As one of the most prolific Soviet authors of the 20th century, Aleksandr Solzhenitsyn offers unique insight into the brutality and authoritarianism present under the various leaders of the Soviet Union. Solzhenitsyn's life is unique in that his birth occurred at approximately the same time as the Soviet Union itself; he was born in December 1918 and the provisional government took over shortly after the abdication of Nicholas II in September 1917. His childhood saw the Russian civil war; his formative years saw his family's estate turned into a collective farm. His earliest years of adulthood were marked by disdain for the human rights violations carried out by fellow members of the Red Army. In his late 20s, Solzhenitsyn was arrested, tried, convicted, and imprisoned for speaking out against the Soviet government. His years in these labor and prison camps laid the foundation for some of his most important works which include:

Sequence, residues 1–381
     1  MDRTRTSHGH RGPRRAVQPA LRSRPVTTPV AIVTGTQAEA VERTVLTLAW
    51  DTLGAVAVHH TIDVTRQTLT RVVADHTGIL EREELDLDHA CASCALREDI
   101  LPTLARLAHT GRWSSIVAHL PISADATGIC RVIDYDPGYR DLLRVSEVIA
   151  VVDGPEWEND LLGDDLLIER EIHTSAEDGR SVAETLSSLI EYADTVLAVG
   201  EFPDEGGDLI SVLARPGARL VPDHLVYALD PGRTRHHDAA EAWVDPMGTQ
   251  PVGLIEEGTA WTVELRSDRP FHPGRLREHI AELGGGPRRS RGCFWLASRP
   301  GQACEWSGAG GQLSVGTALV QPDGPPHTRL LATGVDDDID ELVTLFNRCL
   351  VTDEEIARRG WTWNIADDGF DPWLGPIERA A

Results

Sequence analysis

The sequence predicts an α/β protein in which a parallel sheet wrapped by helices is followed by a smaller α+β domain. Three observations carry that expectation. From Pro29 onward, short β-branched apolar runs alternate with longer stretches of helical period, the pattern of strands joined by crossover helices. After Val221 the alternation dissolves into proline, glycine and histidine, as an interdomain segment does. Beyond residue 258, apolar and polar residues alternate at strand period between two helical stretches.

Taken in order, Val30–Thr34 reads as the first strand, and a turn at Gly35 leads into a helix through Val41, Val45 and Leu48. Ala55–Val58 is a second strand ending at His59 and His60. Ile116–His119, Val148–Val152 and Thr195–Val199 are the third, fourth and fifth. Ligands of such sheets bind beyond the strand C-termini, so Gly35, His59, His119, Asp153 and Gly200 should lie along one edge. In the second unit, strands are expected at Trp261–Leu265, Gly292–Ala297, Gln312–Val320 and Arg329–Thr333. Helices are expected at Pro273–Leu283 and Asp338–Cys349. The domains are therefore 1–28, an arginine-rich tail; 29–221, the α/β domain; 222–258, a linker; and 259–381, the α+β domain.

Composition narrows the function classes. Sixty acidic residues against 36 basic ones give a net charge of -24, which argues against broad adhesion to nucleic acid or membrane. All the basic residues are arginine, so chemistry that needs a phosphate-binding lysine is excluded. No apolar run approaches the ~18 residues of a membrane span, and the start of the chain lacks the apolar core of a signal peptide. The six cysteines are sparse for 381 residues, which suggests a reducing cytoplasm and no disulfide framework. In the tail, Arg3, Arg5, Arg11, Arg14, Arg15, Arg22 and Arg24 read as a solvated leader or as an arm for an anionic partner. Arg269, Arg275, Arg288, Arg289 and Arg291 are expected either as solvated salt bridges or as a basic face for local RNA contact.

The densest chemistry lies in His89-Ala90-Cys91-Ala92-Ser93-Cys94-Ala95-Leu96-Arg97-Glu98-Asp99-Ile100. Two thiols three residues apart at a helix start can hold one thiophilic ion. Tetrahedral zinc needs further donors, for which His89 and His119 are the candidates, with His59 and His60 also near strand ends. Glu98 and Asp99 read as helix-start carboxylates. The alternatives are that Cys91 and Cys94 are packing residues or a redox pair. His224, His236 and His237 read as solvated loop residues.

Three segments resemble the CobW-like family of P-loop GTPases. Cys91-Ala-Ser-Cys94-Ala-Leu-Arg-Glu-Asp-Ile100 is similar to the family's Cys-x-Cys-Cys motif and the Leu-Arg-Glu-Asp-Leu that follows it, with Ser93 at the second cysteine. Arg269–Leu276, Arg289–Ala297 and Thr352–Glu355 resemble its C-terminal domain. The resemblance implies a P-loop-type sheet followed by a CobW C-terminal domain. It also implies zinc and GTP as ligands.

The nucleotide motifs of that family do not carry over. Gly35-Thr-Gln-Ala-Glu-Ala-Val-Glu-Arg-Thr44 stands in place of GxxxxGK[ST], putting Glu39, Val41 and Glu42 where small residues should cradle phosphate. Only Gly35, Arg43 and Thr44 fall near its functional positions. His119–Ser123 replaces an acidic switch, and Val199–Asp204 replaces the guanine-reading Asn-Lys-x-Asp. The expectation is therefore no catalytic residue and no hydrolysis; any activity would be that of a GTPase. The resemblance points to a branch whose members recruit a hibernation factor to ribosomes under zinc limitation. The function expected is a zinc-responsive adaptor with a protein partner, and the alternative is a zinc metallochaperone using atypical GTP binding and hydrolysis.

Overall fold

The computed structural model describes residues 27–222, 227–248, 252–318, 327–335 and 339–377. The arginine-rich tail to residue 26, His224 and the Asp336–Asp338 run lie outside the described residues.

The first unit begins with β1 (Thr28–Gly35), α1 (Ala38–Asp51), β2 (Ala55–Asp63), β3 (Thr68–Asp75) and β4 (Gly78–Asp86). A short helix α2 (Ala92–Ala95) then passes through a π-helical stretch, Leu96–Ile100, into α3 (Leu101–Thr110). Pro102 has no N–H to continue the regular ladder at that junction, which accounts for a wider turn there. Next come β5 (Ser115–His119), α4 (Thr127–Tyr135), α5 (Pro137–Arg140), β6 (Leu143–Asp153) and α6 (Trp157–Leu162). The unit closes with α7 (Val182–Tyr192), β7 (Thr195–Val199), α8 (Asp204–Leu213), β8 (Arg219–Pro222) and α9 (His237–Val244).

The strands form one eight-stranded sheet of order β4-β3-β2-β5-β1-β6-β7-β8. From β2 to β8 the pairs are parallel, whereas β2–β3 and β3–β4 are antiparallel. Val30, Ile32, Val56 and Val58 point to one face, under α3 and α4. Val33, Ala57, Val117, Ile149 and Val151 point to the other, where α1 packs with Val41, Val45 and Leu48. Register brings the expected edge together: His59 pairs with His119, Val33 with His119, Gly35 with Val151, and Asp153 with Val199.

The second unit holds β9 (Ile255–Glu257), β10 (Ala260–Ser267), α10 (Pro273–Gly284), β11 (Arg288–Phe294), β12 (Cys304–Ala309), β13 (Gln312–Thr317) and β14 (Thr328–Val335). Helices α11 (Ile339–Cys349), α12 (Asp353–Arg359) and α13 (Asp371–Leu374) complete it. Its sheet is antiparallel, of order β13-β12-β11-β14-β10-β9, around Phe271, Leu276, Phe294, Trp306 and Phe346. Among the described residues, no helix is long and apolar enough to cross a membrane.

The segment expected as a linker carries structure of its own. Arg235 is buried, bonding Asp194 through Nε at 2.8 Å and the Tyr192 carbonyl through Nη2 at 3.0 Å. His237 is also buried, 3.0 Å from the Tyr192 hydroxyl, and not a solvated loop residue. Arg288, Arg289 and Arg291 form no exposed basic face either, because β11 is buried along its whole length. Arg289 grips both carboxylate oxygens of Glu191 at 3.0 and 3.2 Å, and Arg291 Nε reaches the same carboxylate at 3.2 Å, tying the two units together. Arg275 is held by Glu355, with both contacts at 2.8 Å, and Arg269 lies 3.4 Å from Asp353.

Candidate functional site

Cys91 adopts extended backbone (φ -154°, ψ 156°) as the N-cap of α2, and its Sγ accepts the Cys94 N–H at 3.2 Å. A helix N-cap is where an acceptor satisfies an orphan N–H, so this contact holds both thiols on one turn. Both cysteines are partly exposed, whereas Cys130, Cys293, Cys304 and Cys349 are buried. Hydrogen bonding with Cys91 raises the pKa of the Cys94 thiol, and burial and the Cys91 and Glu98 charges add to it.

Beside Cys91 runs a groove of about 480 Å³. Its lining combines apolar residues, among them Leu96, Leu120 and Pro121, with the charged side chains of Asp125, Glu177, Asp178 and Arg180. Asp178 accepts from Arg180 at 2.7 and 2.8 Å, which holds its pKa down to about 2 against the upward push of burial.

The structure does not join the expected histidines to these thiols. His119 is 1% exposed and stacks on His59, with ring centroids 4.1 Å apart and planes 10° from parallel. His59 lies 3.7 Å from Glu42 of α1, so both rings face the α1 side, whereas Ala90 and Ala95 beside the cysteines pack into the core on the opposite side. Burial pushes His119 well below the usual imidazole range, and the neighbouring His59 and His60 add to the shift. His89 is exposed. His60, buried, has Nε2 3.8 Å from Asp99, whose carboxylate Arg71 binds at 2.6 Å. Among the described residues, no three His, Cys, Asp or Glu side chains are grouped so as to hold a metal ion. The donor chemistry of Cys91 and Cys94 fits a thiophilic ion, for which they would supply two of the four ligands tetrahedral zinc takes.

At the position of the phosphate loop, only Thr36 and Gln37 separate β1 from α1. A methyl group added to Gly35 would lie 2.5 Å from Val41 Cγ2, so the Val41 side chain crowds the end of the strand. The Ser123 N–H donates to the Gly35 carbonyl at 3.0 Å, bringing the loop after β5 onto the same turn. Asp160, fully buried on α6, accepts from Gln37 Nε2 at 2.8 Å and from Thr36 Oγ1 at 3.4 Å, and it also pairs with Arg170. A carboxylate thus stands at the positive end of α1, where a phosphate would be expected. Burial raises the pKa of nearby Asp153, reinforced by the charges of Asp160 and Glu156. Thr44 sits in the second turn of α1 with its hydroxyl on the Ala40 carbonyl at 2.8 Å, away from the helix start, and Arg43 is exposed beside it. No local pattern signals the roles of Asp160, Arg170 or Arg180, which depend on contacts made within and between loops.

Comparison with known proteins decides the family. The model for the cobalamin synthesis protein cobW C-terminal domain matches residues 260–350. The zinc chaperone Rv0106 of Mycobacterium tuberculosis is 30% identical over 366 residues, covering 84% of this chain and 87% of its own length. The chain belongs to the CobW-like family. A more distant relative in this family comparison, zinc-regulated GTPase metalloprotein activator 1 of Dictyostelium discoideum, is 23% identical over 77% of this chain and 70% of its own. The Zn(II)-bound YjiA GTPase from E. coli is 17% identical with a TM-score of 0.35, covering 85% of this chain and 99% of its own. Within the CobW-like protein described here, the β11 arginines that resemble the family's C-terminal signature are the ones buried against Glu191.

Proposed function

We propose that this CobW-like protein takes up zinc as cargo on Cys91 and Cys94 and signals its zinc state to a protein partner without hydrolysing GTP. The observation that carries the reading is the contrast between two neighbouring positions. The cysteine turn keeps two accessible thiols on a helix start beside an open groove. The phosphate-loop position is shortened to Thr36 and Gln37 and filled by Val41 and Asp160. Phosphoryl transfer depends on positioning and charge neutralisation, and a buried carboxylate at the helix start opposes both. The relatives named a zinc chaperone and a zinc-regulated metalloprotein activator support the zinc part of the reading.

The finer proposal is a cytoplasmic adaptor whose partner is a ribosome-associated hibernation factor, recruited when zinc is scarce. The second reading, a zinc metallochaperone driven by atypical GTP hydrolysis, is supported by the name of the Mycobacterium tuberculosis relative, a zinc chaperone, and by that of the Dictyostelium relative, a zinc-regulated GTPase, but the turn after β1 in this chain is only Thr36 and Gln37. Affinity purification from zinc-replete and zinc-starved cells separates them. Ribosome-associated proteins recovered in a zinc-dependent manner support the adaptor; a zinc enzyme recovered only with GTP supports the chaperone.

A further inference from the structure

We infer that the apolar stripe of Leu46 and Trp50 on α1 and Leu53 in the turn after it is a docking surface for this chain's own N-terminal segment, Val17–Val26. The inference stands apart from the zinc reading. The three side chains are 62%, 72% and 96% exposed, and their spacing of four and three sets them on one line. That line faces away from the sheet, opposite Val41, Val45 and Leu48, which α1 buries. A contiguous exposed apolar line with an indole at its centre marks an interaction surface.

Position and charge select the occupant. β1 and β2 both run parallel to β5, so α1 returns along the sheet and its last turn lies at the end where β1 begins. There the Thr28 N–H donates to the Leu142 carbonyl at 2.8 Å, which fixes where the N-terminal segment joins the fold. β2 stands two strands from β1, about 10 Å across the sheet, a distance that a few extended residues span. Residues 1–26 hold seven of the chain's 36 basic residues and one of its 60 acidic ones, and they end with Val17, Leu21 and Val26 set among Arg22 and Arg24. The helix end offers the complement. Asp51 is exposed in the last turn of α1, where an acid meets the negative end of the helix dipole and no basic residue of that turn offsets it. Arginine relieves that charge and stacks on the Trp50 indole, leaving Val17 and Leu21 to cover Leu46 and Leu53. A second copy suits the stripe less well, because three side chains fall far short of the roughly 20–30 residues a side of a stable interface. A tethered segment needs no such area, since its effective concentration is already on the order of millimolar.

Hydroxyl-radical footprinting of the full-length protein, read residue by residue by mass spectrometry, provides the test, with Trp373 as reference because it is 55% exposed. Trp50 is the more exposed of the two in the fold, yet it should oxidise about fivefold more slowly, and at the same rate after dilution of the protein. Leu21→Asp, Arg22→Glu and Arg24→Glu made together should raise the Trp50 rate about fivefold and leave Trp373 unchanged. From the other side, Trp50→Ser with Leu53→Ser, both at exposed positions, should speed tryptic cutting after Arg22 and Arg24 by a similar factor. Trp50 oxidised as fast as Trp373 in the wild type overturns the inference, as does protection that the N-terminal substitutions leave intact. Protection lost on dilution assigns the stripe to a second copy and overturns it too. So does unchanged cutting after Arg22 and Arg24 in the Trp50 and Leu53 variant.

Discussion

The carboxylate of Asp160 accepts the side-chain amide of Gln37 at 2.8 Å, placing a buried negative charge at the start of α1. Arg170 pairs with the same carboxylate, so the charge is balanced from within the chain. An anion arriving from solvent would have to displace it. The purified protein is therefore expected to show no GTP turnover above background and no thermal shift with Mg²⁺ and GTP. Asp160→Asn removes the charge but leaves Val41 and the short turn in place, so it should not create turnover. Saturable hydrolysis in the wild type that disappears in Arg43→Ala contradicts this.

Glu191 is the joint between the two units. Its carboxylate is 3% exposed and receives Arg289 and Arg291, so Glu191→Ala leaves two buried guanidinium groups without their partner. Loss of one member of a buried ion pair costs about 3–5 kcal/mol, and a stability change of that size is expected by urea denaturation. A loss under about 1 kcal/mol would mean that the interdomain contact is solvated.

- One Day in the Life of Ivan Denisovich
- The Gulag Archipelago
To the west, Solzhenitsyn was prolific, offering insight into an aspect of Soviet society, governance, and culture that was otherwise missing from the collective consciousness. However, for Solzhenitsyn, one of the only redeeming qualities of the west was the degree of self-governance the people there experienced. He criticized western culture for its emptiness and its consumerism; he warned readers to focus on the matters that were truly important and return to a more measured and more conservative way of life. Despite these criticisms, he remained a revered author and scholar, respected by many and praised for his literary talent and skill.